More Recommended Reading: Roger Noriega, writing in the Sunday Washington Post, “Is there a Chavez Terror Network on American’s doorstep?”
New Intel Responsibilities for Rodney
The Chairman of the House Permanent Select Committee on Intelligence (HPSCI), Mike Rogers (MI), announced this week an agreement that will more closely tie the Intelligence Committee overseers with the Congressional appropriators who provide the funding for the Intelligence Community.
The move means Rodney will participate in House Intelligence Committee hearings and briefings, in addition to his other Appropriations Committee duties. This new arrangement replaces the former Select Intelligence Oversight Panel (SIOP) which was disbanded earlier this year.
“This partnership will knit together the Intelligence Committee with the Appropriators and will allow key appropriators important insights into the intelligence community which they fund,” said Chairman Mike Rogers. “The 9/11 Commission recommended that the Congressional authorization and appropriation committees work more closely on intelligence matters. I am looking forward to working closely with Congressmen Frelinghuysen to eliminate the ‘daylight’ that existed between our intelligence bills in the past,” said Rogers.
HPSCI Ranking Member Ruppersburger (MD) said, “We must ensure our committees are coordinating and communicating to make certain we are giving our intelligence professionals the resources, tools and capabilities they need to keep our country safe.”
Further Recommended Reading: Charles Krauthammer, writing in today’s Washington Post, “Obama and Libya: The professor’s war:”
This week marked the first anniversary of the enactment of the President’s government takeover of America’s healthcare system.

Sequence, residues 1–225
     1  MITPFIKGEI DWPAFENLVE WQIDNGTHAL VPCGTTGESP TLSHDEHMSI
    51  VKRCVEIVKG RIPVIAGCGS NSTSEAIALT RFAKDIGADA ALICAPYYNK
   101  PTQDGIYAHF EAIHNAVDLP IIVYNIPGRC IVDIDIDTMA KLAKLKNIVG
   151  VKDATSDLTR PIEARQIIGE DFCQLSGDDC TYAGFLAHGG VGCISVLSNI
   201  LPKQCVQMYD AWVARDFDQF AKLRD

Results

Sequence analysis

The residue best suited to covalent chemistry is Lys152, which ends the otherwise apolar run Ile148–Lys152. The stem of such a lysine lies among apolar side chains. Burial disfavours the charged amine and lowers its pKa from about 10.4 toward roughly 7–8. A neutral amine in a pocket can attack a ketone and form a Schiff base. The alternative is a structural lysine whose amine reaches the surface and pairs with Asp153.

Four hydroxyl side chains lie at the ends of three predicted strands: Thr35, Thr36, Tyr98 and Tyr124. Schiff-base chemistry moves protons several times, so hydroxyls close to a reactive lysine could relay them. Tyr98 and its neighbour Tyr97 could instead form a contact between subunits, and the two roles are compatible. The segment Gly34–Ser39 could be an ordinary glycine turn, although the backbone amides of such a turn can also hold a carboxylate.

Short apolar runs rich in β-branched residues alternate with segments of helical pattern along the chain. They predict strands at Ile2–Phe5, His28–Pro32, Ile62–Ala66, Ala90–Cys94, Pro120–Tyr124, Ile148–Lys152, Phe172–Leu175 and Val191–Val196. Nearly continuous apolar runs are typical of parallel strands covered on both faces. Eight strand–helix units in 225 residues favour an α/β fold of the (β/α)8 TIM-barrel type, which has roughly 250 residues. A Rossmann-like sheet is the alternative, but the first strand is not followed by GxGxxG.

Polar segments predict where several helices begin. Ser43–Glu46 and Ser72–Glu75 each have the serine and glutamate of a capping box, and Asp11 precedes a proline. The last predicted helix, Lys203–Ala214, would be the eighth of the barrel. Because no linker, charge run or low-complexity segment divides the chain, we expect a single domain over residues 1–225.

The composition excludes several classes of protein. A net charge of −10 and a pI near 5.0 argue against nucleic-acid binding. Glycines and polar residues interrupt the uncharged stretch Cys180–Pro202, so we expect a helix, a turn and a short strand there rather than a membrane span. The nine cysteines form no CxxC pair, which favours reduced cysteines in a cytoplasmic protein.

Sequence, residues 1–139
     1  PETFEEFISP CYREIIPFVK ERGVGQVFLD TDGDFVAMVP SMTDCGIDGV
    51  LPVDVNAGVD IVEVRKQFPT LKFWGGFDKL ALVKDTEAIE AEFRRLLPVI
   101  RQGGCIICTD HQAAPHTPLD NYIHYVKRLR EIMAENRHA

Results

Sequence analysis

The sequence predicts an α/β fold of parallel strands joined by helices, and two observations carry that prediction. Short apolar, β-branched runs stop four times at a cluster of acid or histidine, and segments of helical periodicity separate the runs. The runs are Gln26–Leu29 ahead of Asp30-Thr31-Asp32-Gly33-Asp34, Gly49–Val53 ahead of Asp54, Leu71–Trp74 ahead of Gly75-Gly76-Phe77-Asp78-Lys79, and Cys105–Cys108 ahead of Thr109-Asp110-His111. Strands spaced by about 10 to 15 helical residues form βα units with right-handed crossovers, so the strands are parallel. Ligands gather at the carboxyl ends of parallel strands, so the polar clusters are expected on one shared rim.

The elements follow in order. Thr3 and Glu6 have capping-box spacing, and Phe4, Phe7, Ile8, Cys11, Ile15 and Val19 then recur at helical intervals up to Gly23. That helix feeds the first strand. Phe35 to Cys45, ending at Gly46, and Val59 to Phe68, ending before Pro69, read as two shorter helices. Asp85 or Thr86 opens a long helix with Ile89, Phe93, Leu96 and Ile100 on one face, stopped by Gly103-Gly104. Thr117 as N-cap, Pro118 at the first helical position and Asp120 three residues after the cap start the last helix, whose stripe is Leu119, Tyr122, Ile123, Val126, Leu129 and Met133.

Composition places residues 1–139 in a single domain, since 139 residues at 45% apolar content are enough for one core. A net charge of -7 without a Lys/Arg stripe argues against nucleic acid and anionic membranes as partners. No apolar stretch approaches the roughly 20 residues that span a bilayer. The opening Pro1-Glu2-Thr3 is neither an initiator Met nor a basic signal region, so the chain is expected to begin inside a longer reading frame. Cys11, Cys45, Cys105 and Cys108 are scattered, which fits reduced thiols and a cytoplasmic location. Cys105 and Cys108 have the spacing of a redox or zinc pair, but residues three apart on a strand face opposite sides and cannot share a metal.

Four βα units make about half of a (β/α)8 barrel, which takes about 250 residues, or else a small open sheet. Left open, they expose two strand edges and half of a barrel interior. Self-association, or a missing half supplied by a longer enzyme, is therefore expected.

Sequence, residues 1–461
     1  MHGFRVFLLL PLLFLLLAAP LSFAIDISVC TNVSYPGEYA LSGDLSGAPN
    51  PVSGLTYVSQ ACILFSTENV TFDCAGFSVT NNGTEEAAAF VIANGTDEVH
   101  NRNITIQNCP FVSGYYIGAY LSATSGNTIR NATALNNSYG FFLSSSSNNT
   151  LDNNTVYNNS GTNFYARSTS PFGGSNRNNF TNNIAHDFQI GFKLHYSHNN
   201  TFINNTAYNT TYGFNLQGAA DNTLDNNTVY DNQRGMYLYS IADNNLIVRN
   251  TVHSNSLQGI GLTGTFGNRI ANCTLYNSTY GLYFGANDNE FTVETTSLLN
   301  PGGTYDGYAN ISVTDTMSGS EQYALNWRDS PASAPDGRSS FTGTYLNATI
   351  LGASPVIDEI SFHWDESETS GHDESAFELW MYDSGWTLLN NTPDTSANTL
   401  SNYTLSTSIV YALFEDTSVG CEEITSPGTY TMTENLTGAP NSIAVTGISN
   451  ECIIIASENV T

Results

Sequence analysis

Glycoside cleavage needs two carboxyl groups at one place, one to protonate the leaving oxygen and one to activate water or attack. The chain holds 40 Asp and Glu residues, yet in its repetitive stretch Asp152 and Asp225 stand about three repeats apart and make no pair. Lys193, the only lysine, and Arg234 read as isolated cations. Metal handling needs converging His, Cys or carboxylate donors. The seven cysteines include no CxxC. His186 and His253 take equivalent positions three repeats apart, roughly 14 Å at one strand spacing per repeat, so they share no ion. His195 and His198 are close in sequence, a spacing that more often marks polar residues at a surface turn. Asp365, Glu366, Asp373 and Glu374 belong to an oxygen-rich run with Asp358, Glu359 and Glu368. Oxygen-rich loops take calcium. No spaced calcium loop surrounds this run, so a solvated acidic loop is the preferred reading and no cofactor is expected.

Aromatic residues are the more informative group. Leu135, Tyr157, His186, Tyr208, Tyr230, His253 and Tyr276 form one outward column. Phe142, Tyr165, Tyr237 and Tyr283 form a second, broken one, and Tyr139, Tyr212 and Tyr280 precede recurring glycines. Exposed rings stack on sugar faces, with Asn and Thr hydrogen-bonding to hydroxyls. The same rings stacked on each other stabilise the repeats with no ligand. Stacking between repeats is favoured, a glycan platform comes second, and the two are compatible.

Not surprisingly, just one year after being signed into law, the cost of Obamacare has spiked. According to estimates of the Congressional Budget Office (CBO), the cost of Obamacare has increased by $500 billion. Meaning, in only one year, the cost has increased from a staggering $938 billion price tag to $1.445 trillion.
According to the Joint Economic Committee, back when Mr. Obama was running for President in 2008, he promised his health-care overhaul would cost no more than $65 billion a year “when fully phased in.” Now we hear the cost is going to be more than three times that much. The new health-care spending is on top of the deluge of Medicare spending, which will nearly double over the next decade, exhausting the Medicare Part A trust fund by 2020.
“The past year has been one filled with broken promises,” Rodney said. “When President Obama signed into law the health care package, he promised it would create jobs, lower costs, and proclaimed, 'if you like your health care plan, you can keep your health care plan.' One year later, we understand the law actually stifles job creation, increases costs for all taxpayers, businesses, and states, and 2.6 million people thus far need a special waiver just to keep their current plans.”
“That’s why the Senate should join the House and take steps toward replacing Obamacare, bill by bill, with reforms that will bring down costs and expand health care accessibility. This is an opportunity to ensure that our families remain in control of their own health care through a system that is patient-centered and provides health care choices, not Washington-imposed mandates.”